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Journal of Blood Disorders and Treatment

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Bruno Cabral de Lima Oliveira PhD*
 
Department of Biochemistry and Immunology, Biological Sciences Institute, Federal University of Minas Gerais, Brazil, Email: [email protected]
 
*Correspondence: Bruno Cabral de Lima Oliveira, Department of Biochemistry and Immunology, Biological Sciences Institute, Federal University of Minas Gerais, Brazil, Tel: 55-31 9 9181-6177, Email: [email protected]

Received Date: Dec 08, 2017 / Accepted Date: Dec 09, 2017 / Published Date: Jan 05, 2018

Citation: De Lima Oliveira BC. Chimeric antigen receptors (CAR) T-cells for acute lymphoblastic leukemia treatment. J Blood Disord Treat. 2018;1(1):1.

This open-access article is distributed under the terms of the Creative Commons Attribution Non-Commercial License (CC BY-NC) (http://creativecommons.org/licenses/by-nc/4.0/), which permits reuse, distribution and reproduction of the article, provided that the original work is properly cited and the reuse is restricted to noncommercial purposes. For commercial reuse, contact [email protected]

Acute lymphoblastic leukemia (ALL) is a very aggressive disorder caused by malignant transformation of lymphoid cell lineage progenitors in bone marrow. Classically, ALL can be originated from B-cell precursor lineage (BCL-ALL), which comprehends majority cases, or T-cell precursor lineage (TCL-ALL) [1]. ALL is a most common type cancer in childhood and large presence of blasts is found in peripheral blood (PB) and bone marrow (BM). In this topic, Cortelazzo detailly reviews main features of ALL, including incidence, risk factors, genetic alterations in both BCL-ALL and TCL-ALL, clinical presentations, and others interesting point [2].

Conventional treatment strategy is based on intensive multi-drug chemotherapy according different protocols. First-rate drugs include vincristine, cyclophosphamide, cytarabine, methotrexate, prednisone, thioguanina, nitrosoureas, anthracyclines, and others. There are various papers published describing therapeutic strategies for the specific manifestations of the disease [3-7]. These therapies are important for the destruction of cancer cells, resulting in decreased blasts counting in patients. However, several problems associated with conventional chemotherapy are observed. For example, most chemotherapy treatments do not reach the brain and marrow areas, so it may be necessary to inject it directly into the cerebrospinal fluid to kill cancer cells in that area. Furthermore, toxicity is a serious side effect observed in the chemotherapy strategy, because the drugs do not selectively act on the cancer cells. Additional effects include hair loss, nausea, vomiting, hemorrhage, diarrhea and susceptibility to infections. Due to the debilitating effects of chemotherapy, new strategies which eliminate or minimize these bad effects are necessary. Thereby, cancer immunotherapy has recently developed as a promising tool for therapeutic strategies. Important advantage of immunotherapy is to enable selectivity to cancer cells and thus avoid many side effects observed in conventional therapies.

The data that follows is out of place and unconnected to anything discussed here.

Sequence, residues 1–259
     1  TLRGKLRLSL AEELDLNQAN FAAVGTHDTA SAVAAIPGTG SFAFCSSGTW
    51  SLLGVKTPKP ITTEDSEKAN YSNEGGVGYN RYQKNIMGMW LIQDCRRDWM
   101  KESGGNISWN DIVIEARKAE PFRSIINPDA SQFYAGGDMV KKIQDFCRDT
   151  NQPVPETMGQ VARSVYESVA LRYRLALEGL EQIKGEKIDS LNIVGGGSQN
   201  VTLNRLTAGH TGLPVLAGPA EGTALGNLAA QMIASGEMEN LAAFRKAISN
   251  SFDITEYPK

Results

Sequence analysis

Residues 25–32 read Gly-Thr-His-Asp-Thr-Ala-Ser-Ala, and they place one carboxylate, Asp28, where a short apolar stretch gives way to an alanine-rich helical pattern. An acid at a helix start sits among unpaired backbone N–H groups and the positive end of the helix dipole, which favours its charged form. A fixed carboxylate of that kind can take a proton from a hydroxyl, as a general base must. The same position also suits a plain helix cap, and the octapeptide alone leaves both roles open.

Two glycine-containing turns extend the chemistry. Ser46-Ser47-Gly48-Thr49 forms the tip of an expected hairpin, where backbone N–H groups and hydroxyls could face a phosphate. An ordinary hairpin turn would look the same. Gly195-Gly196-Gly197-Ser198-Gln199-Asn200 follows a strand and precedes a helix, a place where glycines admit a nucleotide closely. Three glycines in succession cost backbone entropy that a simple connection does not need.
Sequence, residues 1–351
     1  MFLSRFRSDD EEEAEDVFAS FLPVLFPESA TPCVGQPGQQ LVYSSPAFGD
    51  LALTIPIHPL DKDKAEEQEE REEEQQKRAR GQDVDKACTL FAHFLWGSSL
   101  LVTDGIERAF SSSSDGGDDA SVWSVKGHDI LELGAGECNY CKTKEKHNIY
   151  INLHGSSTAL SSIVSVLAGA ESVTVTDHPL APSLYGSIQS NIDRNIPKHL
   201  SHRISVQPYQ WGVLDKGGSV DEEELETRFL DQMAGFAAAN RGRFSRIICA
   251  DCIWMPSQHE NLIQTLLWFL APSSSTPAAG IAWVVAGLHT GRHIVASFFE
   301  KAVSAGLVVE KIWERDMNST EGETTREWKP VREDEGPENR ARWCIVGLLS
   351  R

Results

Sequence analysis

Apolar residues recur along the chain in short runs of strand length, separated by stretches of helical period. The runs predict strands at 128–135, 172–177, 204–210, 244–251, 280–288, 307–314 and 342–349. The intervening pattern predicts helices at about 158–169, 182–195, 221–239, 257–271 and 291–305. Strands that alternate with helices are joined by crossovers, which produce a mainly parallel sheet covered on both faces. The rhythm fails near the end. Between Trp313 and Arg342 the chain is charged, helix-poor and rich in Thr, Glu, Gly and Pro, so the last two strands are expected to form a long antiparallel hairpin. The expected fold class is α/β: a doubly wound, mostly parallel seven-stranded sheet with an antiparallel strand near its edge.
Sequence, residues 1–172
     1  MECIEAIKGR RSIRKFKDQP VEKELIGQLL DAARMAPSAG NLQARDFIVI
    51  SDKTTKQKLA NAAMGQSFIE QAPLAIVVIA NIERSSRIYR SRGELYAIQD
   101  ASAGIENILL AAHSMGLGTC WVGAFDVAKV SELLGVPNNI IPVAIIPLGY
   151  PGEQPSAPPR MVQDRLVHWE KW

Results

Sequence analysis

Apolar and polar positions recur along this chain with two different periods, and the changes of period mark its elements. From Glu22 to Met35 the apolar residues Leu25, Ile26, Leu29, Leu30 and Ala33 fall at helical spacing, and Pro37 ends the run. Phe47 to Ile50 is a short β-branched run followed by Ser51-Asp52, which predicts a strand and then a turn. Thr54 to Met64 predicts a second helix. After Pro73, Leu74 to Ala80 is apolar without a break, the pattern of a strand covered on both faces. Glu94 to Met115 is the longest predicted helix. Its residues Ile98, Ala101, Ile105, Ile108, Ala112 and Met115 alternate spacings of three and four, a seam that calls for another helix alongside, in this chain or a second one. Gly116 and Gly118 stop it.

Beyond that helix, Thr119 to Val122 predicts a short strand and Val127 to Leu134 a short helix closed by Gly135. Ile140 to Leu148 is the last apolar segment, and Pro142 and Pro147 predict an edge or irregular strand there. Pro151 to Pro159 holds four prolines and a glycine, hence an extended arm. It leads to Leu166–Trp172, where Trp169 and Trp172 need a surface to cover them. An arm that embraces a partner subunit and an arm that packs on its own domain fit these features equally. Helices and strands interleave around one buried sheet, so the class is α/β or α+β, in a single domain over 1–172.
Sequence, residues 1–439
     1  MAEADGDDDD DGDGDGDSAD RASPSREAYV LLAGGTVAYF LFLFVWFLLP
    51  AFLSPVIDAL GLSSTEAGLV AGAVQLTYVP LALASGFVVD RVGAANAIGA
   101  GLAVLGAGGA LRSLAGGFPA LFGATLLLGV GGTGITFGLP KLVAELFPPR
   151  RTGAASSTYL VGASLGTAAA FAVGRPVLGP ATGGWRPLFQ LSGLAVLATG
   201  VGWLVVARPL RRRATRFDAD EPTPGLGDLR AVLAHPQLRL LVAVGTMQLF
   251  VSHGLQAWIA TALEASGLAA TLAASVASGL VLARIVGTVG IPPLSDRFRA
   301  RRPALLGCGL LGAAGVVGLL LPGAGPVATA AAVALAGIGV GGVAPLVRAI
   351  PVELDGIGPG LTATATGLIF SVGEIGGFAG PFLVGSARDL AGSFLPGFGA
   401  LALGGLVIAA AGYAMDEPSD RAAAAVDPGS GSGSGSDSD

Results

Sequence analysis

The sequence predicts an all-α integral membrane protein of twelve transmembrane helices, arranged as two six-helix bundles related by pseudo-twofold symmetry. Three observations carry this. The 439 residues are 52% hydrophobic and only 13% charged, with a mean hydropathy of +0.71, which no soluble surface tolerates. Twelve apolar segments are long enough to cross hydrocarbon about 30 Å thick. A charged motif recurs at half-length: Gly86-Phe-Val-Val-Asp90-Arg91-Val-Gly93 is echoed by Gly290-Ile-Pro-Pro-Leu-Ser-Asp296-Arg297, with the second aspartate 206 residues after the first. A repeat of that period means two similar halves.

Chimeric antigen receptors (CAR) T cells have recently emerged as an immunotherapy component designed to specifically act on a target antigen. In anti-cancer immunotherapy, a CART T cell is a T lymphocyte extracted from own patient, then genetically modified to harbor a recombinant receptor specific against a target tumor antigen and finally infused back into the patient. Most tests using this strategy are currently in clinical phase of study. The results in clinical trials were promising, but side effects have been observed. In a review published in June, Luskin and DeAngelo discusses CAR T cell therapy for ALL and ongoing efforts to improve efficacy and decrease side effects, such as toxicity [8]. Significant limitations described in clinical trials include neurotoxicity, toxicity “on target, off organ” (when target antigen is present in other organs), genotoxicity, hypersensitivity reactions, and other problems, all with varying intensity and frequency.

In this year, Food and Drug Administration (FDA) announced the first approval of a CAR-T cell therapy for kids and young adults with B-cell ALL. This approval was much celebrated and brought new hope for a more specific and efficient therapy for ALL. This result has come through many years of research and is expected to improve the quality of treatment of patients. It is worth noting that in addition to side effects, the high cost of treatment is still an obstacle and the side effects. Although there are challenges to be overcome as in any innovative research, CAR-T cell therapy seems to be the most promising therapeutic tool against cancer, including ALL, since chemotherapy introduction in the 1940s.

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